Posts Tagged ‘Adams Morgan’

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Mama Ayesha and the Presidents

During this lunchtime bike ride as I was riding across the Duke Ellington Memorial Bridge in northwest D.C.’s Adam’s Morgan neighborhood, I saw a mural on the side of a building on the eastern end of the bridge.  So I rode over to get a better look at the mural.  I discovered it was on the side of Mama Ayesha’s Restaurant, located at 1967 Calvert Street (MAP), and depicts the restaurant’s namesake standing in front of The White House.  She is flanked on either side by eleven different presidents standing in chronological order, starting with Dwight D. Eisenhower and ending with Barack Obama. The content of the public artwork is so unusual that I just had to find out more about it.

The mural was funded by the National Endowment for the Arts, the D.C. Commission on the Arts and Humanities, and private donors.  It was created in 2009 by Karla Rodas, also known as Karlísima, who is a native of El Salvador but moved with her family as a child to nearby Alexandria.  After graduating from Annandale High School and Washington University, she returned to D.C. and has since become one of the capital city’s most well-known and respected muralists.

The initial concept for the mural was planned by Mama Ayesha’s family members, who have run the restaurant since its opening in 1960. However, the original plan did not have Mama Ayesha as the centerpiece of the work. Instead, the family wanted Helen Thomas, a renowned White House reporter and regular customer at the restaurant, to be at the center of the mural. She was envisioned to be seated at a desk with pen and paper in her hand. However, Thomas politely declined the family’s request, opining that Mama Ayesha should be portrayed instead.

The final design depicts Mama Ayesha in traditional Palestinian garb standing in front of the White House. With six presidents on her right and five on her left, she stands in the middle between Jimmy Carter and Ronald Reagan, with their arms interlocked. Interspersed throughout the mural are other symbols and additional scenes and landmarks from the national capital city. They include a bald eagle, the city’s famous cherry blossoms, as well as the Lincoln Memorial and its Reflecting Pool, the Jefferson Memorial, the Washington Monument and the United States Capitol Building.  And representations of the U.S. flag appear on the sides of the painting.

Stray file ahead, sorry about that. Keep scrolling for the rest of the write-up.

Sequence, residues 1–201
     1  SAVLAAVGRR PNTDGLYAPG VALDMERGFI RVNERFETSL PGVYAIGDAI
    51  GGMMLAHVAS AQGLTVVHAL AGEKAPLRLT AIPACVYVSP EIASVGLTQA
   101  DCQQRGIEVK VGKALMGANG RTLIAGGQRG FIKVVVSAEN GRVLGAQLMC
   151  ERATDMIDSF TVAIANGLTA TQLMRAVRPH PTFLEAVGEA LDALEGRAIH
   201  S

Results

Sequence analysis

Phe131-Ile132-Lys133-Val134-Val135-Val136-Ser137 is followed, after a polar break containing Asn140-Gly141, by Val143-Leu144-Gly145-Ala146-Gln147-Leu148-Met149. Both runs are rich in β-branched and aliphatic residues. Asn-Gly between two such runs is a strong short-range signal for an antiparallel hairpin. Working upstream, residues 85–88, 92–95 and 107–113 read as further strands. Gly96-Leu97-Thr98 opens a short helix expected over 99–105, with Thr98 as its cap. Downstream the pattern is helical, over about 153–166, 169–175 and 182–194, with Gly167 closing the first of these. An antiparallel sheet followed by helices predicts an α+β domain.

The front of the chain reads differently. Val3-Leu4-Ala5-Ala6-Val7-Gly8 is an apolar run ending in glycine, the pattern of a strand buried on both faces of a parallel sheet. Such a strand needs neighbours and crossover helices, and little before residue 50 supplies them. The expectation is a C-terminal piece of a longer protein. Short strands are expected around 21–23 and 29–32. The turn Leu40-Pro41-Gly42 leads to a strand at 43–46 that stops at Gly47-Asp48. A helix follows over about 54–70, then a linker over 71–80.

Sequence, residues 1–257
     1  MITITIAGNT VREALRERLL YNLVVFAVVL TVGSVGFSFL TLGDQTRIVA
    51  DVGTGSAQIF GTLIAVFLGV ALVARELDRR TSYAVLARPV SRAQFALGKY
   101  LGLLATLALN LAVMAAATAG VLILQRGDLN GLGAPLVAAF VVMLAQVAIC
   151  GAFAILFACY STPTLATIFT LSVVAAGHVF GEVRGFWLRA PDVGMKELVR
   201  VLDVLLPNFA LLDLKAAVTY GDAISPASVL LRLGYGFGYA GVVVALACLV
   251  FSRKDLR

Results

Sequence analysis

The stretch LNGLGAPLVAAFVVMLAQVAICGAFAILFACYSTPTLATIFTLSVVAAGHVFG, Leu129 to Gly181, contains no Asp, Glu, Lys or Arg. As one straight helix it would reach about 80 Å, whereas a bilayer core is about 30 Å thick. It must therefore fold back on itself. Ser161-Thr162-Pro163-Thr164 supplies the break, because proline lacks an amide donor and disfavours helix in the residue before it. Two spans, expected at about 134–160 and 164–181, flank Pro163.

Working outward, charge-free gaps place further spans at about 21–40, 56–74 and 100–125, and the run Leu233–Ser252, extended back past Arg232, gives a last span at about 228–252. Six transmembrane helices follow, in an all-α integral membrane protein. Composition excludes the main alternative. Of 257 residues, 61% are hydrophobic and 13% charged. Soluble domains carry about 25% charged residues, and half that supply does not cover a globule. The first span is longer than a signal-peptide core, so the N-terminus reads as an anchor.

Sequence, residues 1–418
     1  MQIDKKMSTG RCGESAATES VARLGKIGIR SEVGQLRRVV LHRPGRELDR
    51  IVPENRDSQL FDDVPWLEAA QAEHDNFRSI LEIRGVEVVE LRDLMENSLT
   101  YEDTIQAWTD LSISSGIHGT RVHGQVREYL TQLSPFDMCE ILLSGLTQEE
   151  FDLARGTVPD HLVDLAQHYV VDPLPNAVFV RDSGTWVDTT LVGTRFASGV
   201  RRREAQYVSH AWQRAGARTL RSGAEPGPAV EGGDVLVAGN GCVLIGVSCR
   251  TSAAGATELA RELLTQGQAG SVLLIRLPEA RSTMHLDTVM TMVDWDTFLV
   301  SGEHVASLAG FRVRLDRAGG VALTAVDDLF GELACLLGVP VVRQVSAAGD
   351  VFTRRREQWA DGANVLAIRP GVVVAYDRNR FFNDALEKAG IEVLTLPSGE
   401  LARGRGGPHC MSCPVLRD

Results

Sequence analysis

With President Obama’s successor to be determined in tomorrow’s election, I hope the mural will be updated.  There is sufficient space in front of the Reflecting Pool for either Hillary Clinton or Donald Trump.  I very much look forward to the election being over.  And I also look forward to being able to come back to see the updated mural at some point in the near future.

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[Click on the photos to view the full-size versions]

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Pierce Mill

I had no particular destination in mind when I left on this lunchtime bike ride.  Initially, I just rode north.  Then as I was riding and would see a direction that didn’t look familiar, I would follow it.  As I made my way up through the DuPont Circle, Kalorama, Adams Morgan, Columbia Heights and Mount Pleasant neighborhoods, I just continued riding.  Eventually I found myself on a long downhill stretch of Park Road, and as I crossed over Beach Road I happened upon Peirce Mill.  Situated in Rock Creek Park, Peirce Mill is located at 2539 Tilden Street (MAP) in northwest D.C.

Peirce Mill was built on 1839 by a Quaker farmer from Pennsylvania named Issac Peirce.  Using the moving water or Rock Creek as a power source, the mill ground corn, wheat, and rye.  However, Peirce was not a miller and did not operate the mill himself.  Instead, he hired other millers to do so.  It remained in operation for more than six decades.  The last commercial load ground was in 1897, when the main shaft broke, while a millwright named Alcibiades P. White was grinding a load of rye.